From Teacher to Youtuber: 8 Questions with Rob Tarrou
8 QUESTIONS is a series of interviews with teachers who have effectively transitioned their classroom skills into new and exciting careers in the field of education. We at Teach.com believe that teaching is a rigorous and diverse classroom in and of itself; the skills learned “in the trenches” can translate into an exciting portfolio of professional options. From education tech to consulting, the only “X factor” is where you want to go — our interviews hope to shine a light on the steps it takes to get there.
1. What’s your name, location and current profession?
My name is Robert Tarrou. I live in St. Petersburg Florida. I have been teaching math at St. Petersburg Senior High School since 1996. I am also the creator of Tarrou’s Chalk Talk at YouTube.com/ProfRobBob.
2. Where did you earn your teaching certification and where did you go to school?
I went to high school at Lakewood High School in St. Petersburg. My math and computer programming teacher inspired me to become a teacher myself. I earned my BS degree in Math Education at USF in Tampa and completed the SCATT Honors program within the College of Education.
3. How long were you a teacher for?
I currently teach math at St. Petersburg High School. I started my career there and plan on finishing my 30 year career at SPHS. I have been a high school math teacher for the past 20 years.
4. What was the most rewarding part of being a classroom teacher? What about classroom teaching did you find most challenging?
It sounds cliche, but the students are the most rewarding part of being a classroom teacher. We go into teaching to help kids, or our peers depending on your position, achieve their goals in education and life. Of course students can also be the most frustrating part of our job! The lower achieving kids can cause you the most grey hair, but when the light bulb turns on and you see that aha moment, it is very rewarding. Therefore, I enjoy teaching both ends of the academic spectrum. I have taught everything from remedial algebra all the way up to AP Calculus and AP Statistics. When you look back and reflect on the school year, and all the years you have taught, seeing how much your students have grown and eventually achieve in life, makes you realize all the effort and long hours are worth it. I don’t go on Facebook much but some students friend me after they graduate. I get to share a little bit in their achievements, struggles, marriages, kids, new careers, etc. I recently found out that a friend’s new doctor was my student not too long ago. How cool is that!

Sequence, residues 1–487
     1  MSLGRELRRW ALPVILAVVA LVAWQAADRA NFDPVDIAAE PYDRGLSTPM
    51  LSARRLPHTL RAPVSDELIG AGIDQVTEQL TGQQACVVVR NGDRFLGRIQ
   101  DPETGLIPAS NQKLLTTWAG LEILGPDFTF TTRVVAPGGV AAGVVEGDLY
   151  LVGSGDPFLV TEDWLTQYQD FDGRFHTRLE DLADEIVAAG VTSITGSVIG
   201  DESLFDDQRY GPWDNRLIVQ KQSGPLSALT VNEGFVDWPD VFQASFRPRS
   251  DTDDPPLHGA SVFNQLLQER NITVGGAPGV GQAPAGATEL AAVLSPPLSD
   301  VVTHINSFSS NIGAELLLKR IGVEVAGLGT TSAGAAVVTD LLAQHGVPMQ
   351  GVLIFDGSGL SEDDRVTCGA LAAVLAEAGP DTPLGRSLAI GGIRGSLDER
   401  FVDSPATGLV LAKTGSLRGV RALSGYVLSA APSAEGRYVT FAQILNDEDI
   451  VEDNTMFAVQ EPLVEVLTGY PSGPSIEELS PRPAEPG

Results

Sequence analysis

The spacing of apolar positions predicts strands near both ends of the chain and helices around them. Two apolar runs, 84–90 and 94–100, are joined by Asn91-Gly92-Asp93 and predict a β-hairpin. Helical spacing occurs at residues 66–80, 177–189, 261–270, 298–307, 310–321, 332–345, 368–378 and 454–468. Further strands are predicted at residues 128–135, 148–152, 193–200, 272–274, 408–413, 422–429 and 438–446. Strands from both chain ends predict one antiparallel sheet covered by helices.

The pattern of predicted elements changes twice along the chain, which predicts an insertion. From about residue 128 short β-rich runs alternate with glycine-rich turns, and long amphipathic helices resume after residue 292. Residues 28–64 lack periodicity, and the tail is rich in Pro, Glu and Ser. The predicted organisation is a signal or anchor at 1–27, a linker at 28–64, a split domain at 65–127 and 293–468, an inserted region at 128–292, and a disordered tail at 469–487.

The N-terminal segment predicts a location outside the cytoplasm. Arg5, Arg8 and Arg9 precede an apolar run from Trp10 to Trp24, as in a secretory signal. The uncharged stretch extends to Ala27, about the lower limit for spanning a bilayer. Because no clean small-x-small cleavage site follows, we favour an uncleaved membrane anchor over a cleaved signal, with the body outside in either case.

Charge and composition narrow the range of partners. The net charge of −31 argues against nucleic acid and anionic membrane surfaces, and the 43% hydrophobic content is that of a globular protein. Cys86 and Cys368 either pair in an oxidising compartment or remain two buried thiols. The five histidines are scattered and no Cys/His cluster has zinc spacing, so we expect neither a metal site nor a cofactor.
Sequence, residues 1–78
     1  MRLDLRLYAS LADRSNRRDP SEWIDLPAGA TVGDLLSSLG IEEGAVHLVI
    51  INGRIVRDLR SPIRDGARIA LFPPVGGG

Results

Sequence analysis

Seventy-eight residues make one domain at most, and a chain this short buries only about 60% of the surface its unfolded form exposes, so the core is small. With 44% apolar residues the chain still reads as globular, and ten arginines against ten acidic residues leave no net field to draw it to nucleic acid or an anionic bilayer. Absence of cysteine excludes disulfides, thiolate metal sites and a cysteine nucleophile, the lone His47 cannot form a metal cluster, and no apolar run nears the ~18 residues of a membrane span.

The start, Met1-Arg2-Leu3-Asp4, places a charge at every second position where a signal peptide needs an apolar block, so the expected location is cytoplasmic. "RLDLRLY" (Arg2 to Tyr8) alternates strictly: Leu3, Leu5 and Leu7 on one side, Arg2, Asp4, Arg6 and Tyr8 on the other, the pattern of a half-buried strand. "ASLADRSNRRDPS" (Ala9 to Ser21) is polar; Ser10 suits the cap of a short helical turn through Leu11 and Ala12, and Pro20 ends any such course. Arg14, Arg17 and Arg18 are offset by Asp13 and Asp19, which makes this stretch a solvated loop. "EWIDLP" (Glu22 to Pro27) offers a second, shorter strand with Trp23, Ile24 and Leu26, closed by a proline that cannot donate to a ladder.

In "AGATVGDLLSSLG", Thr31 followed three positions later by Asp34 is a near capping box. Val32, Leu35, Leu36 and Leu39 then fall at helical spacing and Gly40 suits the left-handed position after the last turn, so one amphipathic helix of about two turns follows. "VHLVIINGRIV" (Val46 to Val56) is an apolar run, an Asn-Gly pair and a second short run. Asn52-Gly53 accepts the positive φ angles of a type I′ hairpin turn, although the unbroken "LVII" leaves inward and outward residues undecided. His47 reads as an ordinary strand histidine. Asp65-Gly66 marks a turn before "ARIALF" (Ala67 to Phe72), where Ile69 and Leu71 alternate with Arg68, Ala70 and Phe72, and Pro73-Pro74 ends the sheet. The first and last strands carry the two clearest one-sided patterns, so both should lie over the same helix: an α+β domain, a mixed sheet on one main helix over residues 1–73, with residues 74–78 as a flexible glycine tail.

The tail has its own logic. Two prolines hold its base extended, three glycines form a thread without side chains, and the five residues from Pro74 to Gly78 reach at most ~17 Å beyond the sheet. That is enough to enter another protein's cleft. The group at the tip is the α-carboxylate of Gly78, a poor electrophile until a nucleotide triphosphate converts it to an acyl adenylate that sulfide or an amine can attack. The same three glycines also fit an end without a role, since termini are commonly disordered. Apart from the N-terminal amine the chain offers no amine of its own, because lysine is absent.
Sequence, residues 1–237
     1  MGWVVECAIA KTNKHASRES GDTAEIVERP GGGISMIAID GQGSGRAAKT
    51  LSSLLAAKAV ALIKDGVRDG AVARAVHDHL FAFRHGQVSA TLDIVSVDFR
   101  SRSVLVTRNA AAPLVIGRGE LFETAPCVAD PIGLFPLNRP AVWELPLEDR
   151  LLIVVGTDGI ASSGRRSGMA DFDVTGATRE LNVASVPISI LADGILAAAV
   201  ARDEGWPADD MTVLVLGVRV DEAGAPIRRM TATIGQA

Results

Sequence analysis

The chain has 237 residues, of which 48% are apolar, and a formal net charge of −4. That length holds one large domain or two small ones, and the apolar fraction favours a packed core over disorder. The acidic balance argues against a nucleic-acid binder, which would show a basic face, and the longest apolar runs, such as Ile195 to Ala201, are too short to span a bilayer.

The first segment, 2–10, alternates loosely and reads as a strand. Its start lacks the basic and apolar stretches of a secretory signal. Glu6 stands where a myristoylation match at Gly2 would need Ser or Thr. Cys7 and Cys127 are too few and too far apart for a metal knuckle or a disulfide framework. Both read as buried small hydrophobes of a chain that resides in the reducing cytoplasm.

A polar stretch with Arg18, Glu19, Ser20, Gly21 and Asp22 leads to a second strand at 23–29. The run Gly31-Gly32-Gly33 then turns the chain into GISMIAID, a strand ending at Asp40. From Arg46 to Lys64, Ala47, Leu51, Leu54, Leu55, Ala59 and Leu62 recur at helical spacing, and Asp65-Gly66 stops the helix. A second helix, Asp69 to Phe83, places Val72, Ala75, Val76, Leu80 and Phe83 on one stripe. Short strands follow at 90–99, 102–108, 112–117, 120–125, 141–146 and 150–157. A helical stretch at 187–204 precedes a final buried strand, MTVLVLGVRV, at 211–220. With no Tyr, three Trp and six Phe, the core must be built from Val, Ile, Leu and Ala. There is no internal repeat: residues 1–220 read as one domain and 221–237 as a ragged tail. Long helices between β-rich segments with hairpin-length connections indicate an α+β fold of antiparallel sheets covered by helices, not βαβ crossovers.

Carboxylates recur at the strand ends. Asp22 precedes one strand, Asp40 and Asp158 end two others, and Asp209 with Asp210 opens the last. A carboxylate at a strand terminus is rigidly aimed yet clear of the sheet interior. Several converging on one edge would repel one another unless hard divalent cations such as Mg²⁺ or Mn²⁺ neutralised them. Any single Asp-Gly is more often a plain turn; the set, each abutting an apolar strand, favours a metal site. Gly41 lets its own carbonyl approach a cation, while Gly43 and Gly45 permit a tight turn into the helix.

The most challenging part of being a classroom teacher currently is the pressure coming down from the government and administration. The amount of time that is required to document that you are “doing your job” keeps you away from doing your job of actually “teaching”. All of the standardized testing that our kids must go through also takes the students out of the classroom. It puts a huge strain on the students, counselors, teachers, and administration at the school level as well. Our counselors seem to be spending more time as test administers now, which leaves less time to actually counsel. Starting next week our school’s testing calendar is booked solid for over 60 days for one test or another. It can also feel like all the pressure is put on the teacher to make the kids pass.
There seems to be less and less emphasis on the student’s responsibility for their own success, and it sometimes feels like there is less parental involvement and support. I could keep going on the negatives, but again, you just have to remind yourself to focus on the kids. At this point there is no other job I would rather have. One of my favorite quotes to share is, “choose a job you love and you will never have to work a day in you life!”
5. Why did you decide to transition from classroom teaching to your current profession?